Monday, June 14, 2010

Let's Start at the Very Beginning...

The opening words of the liturgy are crucial. One does not have to think in sophisticated dramaturgical terms to realize how these words set the tone; they express and create the priorities, the atmosphere, the direction of what is to come. The folk at ‘Ship of Fools’ pick this up nicely in their ‘Mystery Worshipper’ reviews, which always note those words.

Percy suggests that it is profoundly important that these words be theological – that they express the commitment of the community, and orient the celebration to God whose service is being performed.

More and more often however we see or hear liturgies that open with reference not to God but to the community itself, or just as likely to the weather, or the time of day. Some will tell a joke, or otherwise "warm up the crowd". At one celebration I attended not long ago, the opening words invoked a trinity of sorts: the absence of the Vicar, the arrival of the locum priest, and the presence of today's presider.

Of course this is a sort of theology too, but it is a kind of insipid idolatry: we exchange the glory of God for banality, and particularly for clerical self-referentiality.

The reasons for this malaise invite some reflection, but space does not allow a complete treatment here. I note that for Australian Anglicans, the form of A Prayer Book for Australia tends to colludes with bad  liturgical theology, insofar as it contains many good texts but offers insufficient guidance on choice and use, at this point above all.

The opening rite of APBA seems caught between the Eastern-style invocation ("Blessed be God..."") borrowed from the Orthodox via the US Episcopal Church, and the more typical Western-style greeting ("The Lord be with you"). These are both potentially profound and appropriate ways of beginning, but they work in different ways. Some celebrations end up using both, but since the book offers no guidance for what is being achieved at this point in the liturgy, it is not surprising that some end up using neither. "Good morning", indeed.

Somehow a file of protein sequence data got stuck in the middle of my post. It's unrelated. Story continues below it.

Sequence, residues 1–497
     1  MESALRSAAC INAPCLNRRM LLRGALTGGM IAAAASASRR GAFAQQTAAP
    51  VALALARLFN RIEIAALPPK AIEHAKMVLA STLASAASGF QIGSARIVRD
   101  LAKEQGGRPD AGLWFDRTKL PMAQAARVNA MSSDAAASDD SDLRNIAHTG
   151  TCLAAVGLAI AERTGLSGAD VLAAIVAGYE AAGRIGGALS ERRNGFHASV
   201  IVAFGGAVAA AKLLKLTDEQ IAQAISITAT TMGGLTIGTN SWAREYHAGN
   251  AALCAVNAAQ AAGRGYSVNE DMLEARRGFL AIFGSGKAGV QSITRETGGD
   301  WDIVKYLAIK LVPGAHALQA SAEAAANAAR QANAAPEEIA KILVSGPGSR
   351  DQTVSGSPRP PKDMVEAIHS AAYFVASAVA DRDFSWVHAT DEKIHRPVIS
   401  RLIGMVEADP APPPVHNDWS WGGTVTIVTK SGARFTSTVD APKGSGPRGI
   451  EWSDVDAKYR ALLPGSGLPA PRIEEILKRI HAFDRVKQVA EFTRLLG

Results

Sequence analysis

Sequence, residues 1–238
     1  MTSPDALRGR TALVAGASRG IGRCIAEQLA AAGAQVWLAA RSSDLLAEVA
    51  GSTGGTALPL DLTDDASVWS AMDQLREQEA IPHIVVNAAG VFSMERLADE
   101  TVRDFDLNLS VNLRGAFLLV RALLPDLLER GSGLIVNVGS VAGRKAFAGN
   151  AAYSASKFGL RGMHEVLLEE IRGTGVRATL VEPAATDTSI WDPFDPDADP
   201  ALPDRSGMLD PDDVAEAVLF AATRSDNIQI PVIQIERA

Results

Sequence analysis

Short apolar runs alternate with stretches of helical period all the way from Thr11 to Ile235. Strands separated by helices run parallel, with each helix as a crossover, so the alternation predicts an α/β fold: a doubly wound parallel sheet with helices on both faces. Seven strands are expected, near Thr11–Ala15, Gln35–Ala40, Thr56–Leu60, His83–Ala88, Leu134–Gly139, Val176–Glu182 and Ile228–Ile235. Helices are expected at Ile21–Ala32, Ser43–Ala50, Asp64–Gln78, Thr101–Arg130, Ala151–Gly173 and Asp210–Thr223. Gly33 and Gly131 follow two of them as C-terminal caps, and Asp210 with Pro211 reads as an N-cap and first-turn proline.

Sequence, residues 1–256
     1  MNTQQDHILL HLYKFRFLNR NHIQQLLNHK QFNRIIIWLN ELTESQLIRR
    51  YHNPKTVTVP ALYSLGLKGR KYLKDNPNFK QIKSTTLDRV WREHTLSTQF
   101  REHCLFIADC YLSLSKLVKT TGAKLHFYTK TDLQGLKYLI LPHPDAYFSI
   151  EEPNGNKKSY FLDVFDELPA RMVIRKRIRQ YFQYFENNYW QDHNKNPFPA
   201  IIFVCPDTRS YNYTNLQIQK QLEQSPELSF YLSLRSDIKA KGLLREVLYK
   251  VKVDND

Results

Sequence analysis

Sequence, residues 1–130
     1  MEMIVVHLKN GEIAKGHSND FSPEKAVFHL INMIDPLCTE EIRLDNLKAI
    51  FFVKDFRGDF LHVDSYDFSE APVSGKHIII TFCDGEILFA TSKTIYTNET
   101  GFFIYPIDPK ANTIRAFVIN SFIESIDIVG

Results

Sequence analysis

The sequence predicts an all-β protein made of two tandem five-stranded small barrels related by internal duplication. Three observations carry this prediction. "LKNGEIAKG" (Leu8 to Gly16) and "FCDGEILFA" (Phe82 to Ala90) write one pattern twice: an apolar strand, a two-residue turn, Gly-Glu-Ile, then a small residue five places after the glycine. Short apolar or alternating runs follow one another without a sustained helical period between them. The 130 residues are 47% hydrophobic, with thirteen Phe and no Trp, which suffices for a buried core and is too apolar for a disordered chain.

Most of these set words have an actual function which seems frequently to have been forgotten. "The Lord be with you" is a greeting, as is "Good morning". The latter is very often more appropriate, but the Eucharist is not a random encounter in the street or the shops. If and when the set words that serve to greet the congregation (or dismiss it) are used, but framed by chatty or prosaic ones drawn from other kinds of encounter, the set words are being deprived of their significance and function - they are just churchy code-language that we are used to, but serve little real purpose.

There can admittedly be real needs, or at least concerns, which are relatively prosaic but whose acknowledgement at a very early point may allow fuller commitment and participation in the event. Page numbers, locations of children’s activities, even emergency exit arrangements, can in various ways allow or prevent fuller engagement,  or may simply be required.

These can often be dealt with by other means, with a little imagination or common sense. A minister (if one leading the liturgy, not yet vested in stole or at least not in chasuble) can address the congregation before the entrance or the introit. Ushers or welcomers can communicate a lot of this factual information, if they understand their role properly beyond handing out books or leaflets.

And should circumstance or custom require it, the presider can even offer announcements or directions within the liturgy but after the opening words, or at an appropriate early point. This ought not to happen however, before acknowledging and invoking the one who is the real host and guest and centre of our gathering.

Which words, then? Percy does not go so far as to prescribe. Where your liturgical book makes it clear, follow it. Where it does not, as in the case of APBA, use the wisdom of your local and diocesan community - past as well as present - to set a pattern and stick to it (with seasonal variations by all means). But remember - it's not about you.

The Lord be with you.


  1. Andrew - This is interesting reading. Could the background be toned down a bit, it is not an easy read? Thanks.

  2. Does Percy have a view about the proposition that the formerly authorised An Australian Prayer Book (1978) is the embodiment of orthodoxy (in the proper sense of the word) wheras A Prayer Book for Australia is somewhat flawed?

  3. Percy might be inclined to see strengths and weaknesses in both books, but they're certainly different. AAPB was less risky in that it was prescriptive about order and words to a greater extent - but its words were not that inspiring or challenging. Having lived among the Episcopalians for some time, Percy finds the BCP 1979 of TEC amenable, in its preservation of the dignity of the language of the earlier books at least as an option, and some more catholic additions (via the Scottish books and the Non-jurors etc).